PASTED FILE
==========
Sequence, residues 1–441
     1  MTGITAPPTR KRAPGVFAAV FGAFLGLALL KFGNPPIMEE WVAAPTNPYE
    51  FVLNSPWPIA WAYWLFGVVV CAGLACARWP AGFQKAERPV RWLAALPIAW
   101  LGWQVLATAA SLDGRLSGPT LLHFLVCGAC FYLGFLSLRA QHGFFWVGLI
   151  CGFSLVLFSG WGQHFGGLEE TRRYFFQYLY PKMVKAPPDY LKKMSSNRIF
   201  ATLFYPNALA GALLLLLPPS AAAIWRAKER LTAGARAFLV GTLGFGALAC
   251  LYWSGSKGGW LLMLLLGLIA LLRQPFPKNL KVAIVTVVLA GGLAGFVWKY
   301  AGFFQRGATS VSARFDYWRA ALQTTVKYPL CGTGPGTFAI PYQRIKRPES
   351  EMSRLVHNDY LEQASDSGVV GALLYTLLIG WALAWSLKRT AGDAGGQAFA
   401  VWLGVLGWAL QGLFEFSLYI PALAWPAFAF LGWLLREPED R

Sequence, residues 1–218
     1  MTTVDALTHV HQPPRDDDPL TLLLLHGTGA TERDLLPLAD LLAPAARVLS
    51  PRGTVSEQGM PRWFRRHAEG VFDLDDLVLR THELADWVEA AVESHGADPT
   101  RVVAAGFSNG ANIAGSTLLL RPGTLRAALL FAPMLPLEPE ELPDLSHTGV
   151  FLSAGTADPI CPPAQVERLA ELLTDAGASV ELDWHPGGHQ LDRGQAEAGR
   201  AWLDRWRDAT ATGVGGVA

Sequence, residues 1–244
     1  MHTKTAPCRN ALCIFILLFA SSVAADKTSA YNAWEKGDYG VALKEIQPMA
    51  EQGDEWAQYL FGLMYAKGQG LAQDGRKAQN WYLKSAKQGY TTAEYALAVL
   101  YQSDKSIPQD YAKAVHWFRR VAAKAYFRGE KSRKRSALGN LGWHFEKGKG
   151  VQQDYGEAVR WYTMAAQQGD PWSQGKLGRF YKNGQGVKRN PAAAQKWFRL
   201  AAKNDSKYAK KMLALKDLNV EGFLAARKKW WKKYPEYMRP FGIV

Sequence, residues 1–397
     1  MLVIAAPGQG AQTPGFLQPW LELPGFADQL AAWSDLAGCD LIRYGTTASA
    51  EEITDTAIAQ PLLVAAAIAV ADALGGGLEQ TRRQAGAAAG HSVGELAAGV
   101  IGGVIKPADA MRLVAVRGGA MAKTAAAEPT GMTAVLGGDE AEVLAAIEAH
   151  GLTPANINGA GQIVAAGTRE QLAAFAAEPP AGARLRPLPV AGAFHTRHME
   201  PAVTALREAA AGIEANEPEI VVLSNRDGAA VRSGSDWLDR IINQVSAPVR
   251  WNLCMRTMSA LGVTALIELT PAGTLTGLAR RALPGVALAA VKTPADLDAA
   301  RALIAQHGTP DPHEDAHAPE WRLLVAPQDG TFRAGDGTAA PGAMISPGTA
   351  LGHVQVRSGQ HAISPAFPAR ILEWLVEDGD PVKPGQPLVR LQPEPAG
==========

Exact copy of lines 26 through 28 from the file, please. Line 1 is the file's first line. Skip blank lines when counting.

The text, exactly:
   101  IGGVIKPADA MRLVAVRGGA MAKTAAAEPT GMTAVLGGDE AEVLAAIEAH
   151  GLTPANINGA GQIVAAGTRE QLAAFAAEPP AGARLRPLPV AGAFHTRHME
   201  PAVTALREAA AGIEANEPEI VVLSNRDGAA VRSGSDWLDR IINQVSAPVR